Reviewing the SEC’s Review Process: 10-K Comment Letters and the Cost of Remediation
Posted: 31 Oct 2011 Last revised: 29 Nov 2013
Date Written: March 26, 2013
Securities and Exchange Commission (SEC) comment letters provide independent and timely feedback on the clarity of disclosures and on the extent to which filings comply with Generally Accepted Accounting Principles and SEC reporting regulations. We investigate factors that affect the probability of receiving a 10-K comment letter, the extent of comments received, and the cost of remediation. We find that in addition to factors explicitly stated to increase SEC scrutiny in Section 408 of the Sarbanes-Oxley Act, low profitability, high complexity, engaging a small audit firm, and weaknesses in governance are positively associated with the receipt of a comment letter, the extent of comments, and the cost of remediation. The probability that the comment letter results in a restatement is higher for smaller companies and for companies engaging a small audit firm. We also provide evidence that comments relating to accounting issues result in higher remediation costs, largely due to the additional time required to resolve comments relating to classification issues and fair value issues. Our findings should be of interest to stakeholders who use SEC comment letters to assess disclosure quality and reporting compliance, and to managers and other stakeholders impacted by costs associated with the SEC’s review process.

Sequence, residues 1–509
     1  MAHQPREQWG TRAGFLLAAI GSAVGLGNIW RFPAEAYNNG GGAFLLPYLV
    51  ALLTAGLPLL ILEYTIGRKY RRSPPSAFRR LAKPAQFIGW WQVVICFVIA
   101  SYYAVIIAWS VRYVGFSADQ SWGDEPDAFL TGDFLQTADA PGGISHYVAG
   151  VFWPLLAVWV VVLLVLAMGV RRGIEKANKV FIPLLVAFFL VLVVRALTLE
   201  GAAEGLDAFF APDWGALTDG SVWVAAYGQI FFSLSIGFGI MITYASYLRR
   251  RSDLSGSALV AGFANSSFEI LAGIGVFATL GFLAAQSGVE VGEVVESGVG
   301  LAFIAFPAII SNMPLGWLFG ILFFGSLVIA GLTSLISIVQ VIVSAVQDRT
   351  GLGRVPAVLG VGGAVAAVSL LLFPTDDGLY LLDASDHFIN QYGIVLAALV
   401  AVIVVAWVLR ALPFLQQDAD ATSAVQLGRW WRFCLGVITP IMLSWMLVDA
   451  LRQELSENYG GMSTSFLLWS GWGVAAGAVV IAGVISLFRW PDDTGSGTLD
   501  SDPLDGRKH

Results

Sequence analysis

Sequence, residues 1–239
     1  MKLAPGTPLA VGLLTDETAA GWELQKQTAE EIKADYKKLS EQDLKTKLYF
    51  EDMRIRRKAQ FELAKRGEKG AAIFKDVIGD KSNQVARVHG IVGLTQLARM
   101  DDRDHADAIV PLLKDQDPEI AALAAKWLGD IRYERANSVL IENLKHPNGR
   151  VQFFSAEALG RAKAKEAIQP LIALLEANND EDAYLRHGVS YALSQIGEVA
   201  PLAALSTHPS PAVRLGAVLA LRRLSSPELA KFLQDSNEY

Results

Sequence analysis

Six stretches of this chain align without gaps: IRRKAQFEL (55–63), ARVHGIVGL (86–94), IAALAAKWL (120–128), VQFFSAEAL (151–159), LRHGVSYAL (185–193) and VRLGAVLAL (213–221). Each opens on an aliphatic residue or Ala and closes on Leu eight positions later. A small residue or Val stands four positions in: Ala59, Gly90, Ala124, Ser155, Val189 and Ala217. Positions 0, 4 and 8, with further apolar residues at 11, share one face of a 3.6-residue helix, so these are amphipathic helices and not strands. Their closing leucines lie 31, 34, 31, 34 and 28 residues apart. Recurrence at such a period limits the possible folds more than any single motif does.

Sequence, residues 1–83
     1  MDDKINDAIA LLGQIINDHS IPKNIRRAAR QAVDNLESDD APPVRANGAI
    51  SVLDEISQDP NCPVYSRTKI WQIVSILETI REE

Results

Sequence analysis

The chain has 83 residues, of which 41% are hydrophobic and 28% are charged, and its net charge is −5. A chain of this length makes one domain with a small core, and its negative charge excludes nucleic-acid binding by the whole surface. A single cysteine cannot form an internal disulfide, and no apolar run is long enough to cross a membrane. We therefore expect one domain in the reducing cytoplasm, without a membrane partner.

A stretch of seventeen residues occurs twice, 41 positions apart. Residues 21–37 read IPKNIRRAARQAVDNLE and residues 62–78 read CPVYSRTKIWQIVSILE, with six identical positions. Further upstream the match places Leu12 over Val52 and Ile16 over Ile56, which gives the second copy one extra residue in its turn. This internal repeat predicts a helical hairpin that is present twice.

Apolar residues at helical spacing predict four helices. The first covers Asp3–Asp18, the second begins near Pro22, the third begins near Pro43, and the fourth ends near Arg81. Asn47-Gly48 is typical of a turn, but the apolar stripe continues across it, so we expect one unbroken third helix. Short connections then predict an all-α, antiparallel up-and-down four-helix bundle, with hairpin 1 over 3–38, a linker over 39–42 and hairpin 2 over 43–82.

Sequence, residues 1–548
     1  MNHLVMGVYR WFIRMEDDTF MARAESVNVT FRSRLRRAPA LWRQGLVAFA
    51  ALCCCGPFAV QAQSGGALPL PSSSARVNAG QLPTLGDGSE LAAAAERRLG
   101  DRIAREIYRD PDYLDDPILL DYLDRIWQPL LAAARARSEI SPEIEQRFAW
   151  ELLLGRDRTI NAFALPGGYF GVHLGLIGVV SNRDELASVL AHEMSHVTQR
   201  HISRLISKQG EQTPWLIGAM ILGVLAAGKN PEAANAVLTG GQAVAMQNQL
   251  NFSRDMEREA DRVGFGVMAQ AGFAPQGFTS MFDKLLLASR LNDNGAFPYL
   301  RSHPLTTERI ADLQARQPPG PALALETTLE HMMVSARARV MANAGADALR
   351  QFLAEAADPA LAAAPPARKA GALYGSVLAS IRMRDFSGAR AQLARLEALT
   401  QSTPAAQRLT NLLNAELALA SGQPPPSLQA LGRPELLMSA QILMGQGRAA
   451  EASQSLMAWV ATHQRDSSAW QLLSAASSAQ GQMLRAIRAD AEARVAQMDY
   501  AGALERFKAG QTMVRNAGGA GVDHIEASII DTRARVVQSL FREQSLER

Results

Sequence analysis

Keywords: comment letters, disclosure quality, filing reviews, reporting compliance, Securities and Exchange Commission
JEL Classification: M41
Suggested Citation: Suggested Citation